# Using functions to make loops

I'm trying to make a simulation of an electron that goes through a magnetic and electric field perpendicular to each other and to the velocity of the electron but I'm running in some troubles with the Mathematica language. I'm a beginner at Mathematica language and I ended up probably using too much procedural programming and I would like suggestions on how I can improve it using real Mathematica language. For those who saw this question before I edited it, the second problem was fixed and it was a simple logic mistake, so I took it of the question.

vel = {0.05*300000000, 0, 0}; (* velocity *)
pos = {0, 0, 0}; (* position *)
acel = {0, 0, 0}; (* acceleration *)
ce = {0, -5000, 0}; (* electric field *)
cm = {0, 0, -0.0003}; (* magnetic field *)
dt = 0.000000000001;
l = 0.05; (* length of the region where there are magnetic and electric fields *)
me = 9.10938*10^-31; (* electrons mass *)
q = -1.60217657*10^-19; (* elementary charge *)
data = Table[0, {i, 1000000}, {j, 2}];
For[count = 1, pos[[1]] <= 1.5*l, count++,
If[Abs[pos[[1]]] <= l, acel = q/me*(ce + (vel\[Cross]cm)), acel = {0, 0, 0}];
pos = pos + vel*dt + (acel*dt^2)/2; vel = vel + acel*dt;
data[[count, 1]] = pos[[1]]; data[[count, 2]] = pos[[2]]
];
For[r = 100000; s = 0.00001, r > 0.001, r = (r/10); s = (s/10),
While[Abs[vel[[2]]] > r, cm[[3]] = cm[[3]] - s;
vel = {0.05*300000000, 0, 0};
pos = {0, 0, 0};
data = Table[0, {i, 1000000}, {j, 2}];
For[count = 1, pos[[1]] <= 1.5*l, count++,
If[Abs[pos[[1]]] <= l, acel = q/me*(ce + (vel\[Cross]cm)), acel = {0, 0, 0}];
pos = pos + vel*dt + (acel*dt^2)/2; vel = vel + acel*dt;
data[[count, 1]] = pos[[1]]; data[[count, 2]] = pos[[2]]
];
];
];


I know that there are duplicate variable declarations and redundant statements in the code, its because I pasted everything together to post here, but it was originally apart.

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Please post code, not images of code, and make sure that code evaluates properly in a fresh kernel session. – Yves Klett Oct 13 '13 at 8:00
I can't even read the tiny text in your code image. Please post your code with proper markdown formatting. – m_goldberg Oct 13 '13 at 8:40
So what if I do? Do you expect me, then, to manually retype all your code into Mathematica so I can work with it? No way. – m_goldberg Oct 13 '13 at 8:50
Markdown and formatting help: mathematica.stackexchange.com/help/formatting – Yves Klett Oct 13 '13 at 8:59
Most users will only bite if code is posted here, which is sensible, too. – Yves Klett Oct 13 '13 at 9:33

I adapted a very primitive procedure I wrote to mimick the computation of the orbit of Saturn as seen on volume 1 of the Feynman's Lectures on Physics. Let's define the constants:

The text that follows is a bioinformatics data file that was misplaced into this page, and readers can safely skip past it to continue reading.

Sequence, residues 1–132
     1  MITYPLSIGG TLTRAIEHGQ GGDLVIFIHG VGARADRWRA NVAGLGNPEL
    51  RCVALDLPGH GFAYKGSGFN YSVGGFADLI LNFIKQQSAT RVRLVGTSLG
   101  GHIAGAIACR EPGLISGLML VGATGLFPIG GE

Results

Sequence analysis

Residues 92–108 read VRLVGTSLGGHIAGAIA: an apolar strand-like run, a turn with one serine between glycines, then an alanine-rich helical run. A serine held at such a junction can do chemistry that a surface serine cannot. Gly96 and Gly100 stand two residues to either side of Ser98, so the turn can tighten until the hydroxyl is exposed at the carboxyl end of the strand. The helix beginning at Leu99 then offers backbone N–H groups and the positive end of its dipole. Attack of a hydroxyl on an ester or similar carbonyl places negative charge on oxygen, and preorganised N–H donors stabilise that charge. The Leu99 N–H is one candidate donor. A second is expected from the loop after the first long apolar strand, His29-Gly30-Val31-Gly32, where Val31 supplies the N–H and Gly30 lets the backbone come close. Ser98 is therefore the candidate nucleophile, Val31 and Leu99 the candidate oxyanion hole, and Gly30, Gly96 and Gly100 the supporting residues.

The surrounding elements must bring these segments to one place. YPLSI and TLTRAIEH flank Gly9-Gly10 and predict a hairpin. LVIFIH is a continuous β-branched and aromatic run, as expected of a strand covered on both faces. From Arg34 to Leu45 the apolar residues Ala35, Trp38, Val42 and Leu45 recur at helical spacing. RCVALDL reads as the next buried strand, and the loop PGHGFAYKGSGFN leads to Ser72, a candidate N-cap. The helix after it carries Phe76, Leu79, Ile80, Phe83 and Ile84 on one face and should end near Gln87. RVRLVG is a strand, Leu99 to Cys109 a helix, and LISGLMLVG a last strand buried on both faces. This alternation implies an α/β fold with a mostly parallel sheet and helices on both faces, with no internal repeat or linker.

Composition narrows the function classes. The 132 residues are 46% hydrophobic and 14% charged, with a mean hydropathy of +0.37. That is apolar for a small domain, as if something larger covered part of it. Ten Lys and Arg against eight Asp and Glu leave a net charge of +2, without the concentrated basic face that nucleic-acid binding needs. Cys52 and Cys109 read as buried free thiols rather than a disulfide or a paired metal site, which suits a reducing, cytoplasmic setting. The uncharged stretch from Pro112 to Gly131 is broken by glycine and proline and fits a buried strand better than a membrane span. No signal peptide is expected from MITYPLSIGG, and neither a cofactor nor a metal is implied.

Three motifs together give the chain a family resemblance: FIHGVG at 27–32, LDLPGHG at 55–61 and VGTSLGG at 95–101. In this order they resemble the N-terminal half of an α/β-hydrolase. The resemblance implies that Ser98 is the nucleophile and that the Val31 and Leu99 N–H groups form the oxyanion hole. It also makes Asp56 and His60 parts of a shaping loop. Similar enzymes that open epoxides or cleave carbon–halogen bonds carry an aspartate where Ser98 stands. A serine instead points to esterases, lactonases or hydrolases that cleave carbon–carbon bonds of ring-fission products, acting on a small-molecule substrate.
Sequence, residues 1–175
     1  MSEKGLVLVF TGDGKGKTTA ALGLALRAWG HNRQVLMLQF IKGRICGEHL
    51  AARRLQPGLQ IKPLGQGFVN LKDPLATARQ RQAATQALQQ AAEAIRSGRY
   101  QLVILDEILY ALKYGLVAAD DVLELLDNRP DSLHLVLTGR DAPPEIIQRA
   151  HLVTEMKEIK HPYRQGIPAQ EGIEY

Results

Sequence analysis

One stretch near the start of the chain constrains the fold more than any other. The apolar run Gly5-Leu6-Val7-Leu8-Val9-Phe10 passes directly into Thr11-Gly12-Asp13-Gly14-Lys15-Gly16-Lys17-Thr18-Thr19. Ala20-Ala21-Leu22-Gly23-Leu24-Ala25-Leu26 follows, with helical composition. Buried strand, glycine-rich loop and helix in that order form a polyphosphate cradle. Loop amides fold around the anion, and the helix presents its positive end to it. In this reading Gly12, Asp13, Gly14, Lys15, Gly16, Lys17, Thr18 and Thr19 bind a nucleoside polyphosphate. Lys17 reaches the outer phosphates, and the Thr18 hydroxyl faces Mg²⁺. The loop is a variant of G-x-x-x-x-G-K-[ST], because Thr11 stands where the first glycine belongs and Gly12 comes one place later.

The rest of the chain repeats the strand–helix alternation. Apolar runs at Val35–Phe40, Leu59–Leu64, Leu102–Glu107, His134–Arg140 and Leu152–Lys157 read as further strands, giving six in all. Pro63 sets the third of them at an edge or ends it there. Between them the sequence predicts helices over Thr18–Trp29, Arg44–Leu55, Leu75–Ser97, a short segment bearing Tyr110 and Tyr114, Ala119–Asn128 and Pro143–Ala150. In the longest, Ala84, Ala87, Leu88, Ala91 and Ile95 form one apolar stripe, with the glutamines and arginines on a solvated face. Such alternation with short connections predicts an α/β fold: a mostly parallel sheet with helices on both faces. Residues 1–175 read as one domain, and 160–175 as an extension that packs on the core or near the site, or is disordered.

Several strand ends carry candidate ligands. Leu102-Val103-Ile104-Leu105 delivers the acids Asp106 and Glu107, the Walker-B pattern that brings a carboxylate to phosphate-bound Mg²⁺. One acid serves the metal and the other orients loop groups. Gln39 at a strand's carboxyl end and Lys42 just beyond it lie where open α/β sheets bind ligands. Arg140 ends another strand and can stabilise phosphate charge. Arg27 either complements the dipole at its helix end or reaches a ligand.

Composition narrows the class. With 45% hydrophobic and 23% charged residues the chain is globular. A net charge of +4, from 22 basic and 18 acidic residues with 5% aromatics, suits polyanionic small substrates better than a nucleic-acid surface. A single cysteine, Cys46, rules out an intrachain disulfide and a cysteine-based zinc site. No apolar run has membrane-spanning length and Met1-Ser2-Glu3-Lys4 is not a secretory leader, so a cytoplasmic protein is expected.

me = 9.10938*10^-31;
q = -1.60217657*10^-19;


The state of the system at a given time is described by the vectors position (r) and mom--- velocity (v). The state of the system a quid dt after that time is given by:

nextStep[dt_][{r0_, v0_}] :=
Block[{a, v, r},
a = q/me(Ef + Cross[v0, Bf]);
v = v0 + a dt;
r = r0 + v dt;
{r, v}
];


(Two caveats, here: This is not the smartest way to compute a, v and r. I also have a version that follows Feynman's advice to make it a but smarter but I do not want to spoil your fun. Also, you'll have to add the condition in the computation of a. Something like a = If[ Abs[r0[[1]]]<1, that 'a' there, else 0].) EDIT: You might also want to impose similar conditions on the fields, in which case you will have to make them a function of position, so that a will use Ef[r0] and Bf[r0].

Let's write a procedure that computes all the steps you want. Since I totally lack fantasy, I will call it "compute".

compute[r0_, v0_, dt_, n_Integer] := NestList[nextStep[dt], {r0, v0}, n]


(NestList and Nest are function you want to learn). Let's compute a few values, shall we?

Ef = {0, -5000, 0}; Bf = {0, 0, -0.0003};
compute[{0, 0, 0}, {0.05*3 10^8, 0, 0}, 0.000000000001, 5]


you get a list in the form

{{r0,v0},{r1,v1},...,{r5,v5}}


From which you can extract the trajectory. For Feynman's example I had written a procedure to do just that (but I used only scalars, so since it is easy to write one, I won't bother you with that).

Oh, in case you are wondering what was that Feynman suggested to increase the precision of the computation, well... Look it up on the Lectures: Book I, Chapter 9, Psalm 7: Planetary Motion.

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